Dietrich School Student Wins Kanders Churchill Scholarship in Science Policy

Freitag in a light blue shirt and aqua tieFor the second time in three years, a Pitt student has won the prestigious Kanders Churchill Scholarship in Science Policy from the Winston Churchill Foundation of the United States. 

Thomas Freitag, a fourth-year student studying neuroscience and psychology in the Kenneth P. Dietrich School of Arts and Sciences with a minor in chemistry, will pursue a one-year Master’s in Public Policy (MPP) at Churchill College in the University of Cambridge next academic year, carrying out research on issues related to HIV prevention and treatment. 

“As just the third recipient of the Kanders Churchill Scholarship—and the second student from the University of Pittsburgh to win this award—Thomas stands in elite company,” said Chancellor Patrick Gallagher. “I am deeply grateful that the Winston Churchill Foundation saw the same Thomas that we know: a talented leader, innovator, researcher and scholar who is destined to make a positive and powerful difference in this world.”  

“As a policy fellow in Philadelphia, Thomas helped craft groundbreaking legislation, including reforms to make tax documents gender-neutral,” said Audrey Murrell, acting dean of Pitt Honors College. “As a talented student and a considerate individual, Thomas is already on a path to improve lives by leveraging knowledge for society’s gain.”

Freitag is this year’s only Kanders Churchill recipient, and one of 16 Churchill Scholars named to the class of 2020-2021. The Kanders distinction was first made in 2018 to award a student with public policy interests in addition to basic science, mathematics or engineering. The Churchill awards cover tuition, a stipend, travel costs and the chance to apply for a $2,000 special research grant.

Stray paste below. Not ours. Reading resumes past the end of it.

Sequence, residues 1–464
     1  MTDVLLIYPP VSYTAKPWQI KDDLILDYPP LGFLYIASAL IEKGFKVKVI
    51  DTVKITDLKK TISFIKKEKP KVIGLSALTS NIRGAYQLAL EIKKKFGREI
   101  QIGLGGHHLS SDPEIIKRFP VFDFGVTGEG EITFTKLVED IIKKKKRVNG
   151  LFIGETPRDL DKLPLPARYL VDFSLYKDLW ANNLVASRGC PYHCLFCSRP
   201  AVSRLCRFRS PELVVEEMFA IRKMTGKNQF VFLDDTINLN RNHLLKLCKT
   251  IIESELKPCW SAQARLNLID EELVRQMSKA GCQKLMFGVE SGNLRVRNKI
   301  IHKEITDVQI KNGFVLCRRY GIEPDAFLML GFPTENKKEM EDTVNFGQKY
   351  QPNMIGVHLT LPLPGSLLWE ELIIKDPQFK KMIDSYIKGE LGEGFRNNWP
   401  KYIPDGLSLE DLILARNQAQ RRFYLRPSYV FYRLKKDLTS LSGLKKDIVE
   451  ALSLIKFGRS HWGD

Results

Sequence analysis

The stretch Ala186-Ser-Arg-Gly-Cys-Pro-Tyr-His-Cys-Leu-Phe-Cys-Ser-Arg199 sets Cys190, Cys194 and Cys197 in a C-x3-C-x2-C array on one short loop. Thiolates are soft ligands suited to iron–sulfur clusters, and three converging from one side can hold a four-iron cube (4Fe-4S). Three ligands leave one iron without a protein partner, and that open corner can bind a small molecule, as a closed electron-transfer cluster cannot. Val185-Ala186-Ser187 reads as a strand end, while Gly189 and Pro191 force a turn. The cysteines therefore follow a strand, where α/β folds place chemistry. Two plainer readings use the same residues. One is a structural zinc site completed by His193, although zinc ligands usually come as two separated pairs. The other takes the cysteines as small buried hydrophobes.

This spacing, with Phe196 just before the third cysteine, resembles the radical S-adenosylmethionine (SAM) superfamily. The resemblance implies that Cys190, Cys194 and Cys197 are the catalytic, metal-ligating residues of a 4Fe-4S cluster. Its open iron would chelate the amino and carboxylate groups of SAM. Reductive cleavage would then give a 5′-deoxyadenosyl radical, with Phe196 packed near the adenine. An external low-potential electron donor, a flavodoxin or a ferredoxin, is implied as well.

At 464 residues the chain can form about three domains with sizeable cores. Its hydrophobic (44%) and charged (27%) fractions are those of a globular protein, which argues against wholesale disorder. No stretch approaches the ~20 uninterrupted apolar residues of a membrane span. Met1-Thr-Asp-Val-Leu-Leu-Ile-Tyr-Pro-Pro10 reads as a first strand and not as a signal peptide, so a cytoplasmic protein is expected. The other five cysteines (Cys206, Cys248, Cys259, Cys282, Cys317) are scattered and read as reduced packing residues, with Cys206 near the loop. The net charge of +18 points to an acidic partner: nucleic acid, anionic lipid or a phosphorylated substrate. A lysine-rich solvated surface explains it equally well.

Joseph Kannarkat (A&S ’18), also of Pitt, won the inaugural Kanders Churchill award. Kannarkat spent his year at Cambridge studying the United Kingdom’s universal health care system. Since then, he has gone on to work with the Panthers Forward program, an innovative student loan debt reduction plan that utilizes Pitt’s generous and successful alumni network to “pay it forward.”

Freitag, a native of Philadelphia, Pennsylvania, said, “Being selected as the Kanders Churchill Scholar is an incredible honor. The program’s focus on training scientists who are capable of developing effective policy and communicating with legislators fits perfectly with my interest in contributing to health equity through transformative healthcare reform. It’s the culmination of years of hard work and the incredible support of a number of professors, family members and friends. I can’t fully describe how thankful I am for everyone who has helped me to learn and grow throughout my time at Pitt and I certainly couldn’t have done it without help from some very special people.”

One such person is Aidan Beatty, Freitag’s scholarship mentor in the Honors College, in charge of all British and Irish scholarships. 

“Thomas has already excelled during their time at Pitt. Under an Amgen Scholarship, they carried out research at the National Institutes of Health in Bethesda; received the Honors College’s David C. Frederick Public Service Internship Award; and in summer 2018 was a Policy Fellow at the City of Philadelphia Mayor’s Office of LGBT Affairs.” 

In addition, Freitag earned a top scholarship for LGBT undergraduates in STEM disciplines in 2018. Freitag is finishing their academic year at Jesus College Cambridge through a fellowship organized by the Study Abroad office. 

“Thomas has built a strong foundation combining medical science with policy research,” Beatty said, “and I'm excited to see how Tom continues this in their MPP program in Cambridge.”

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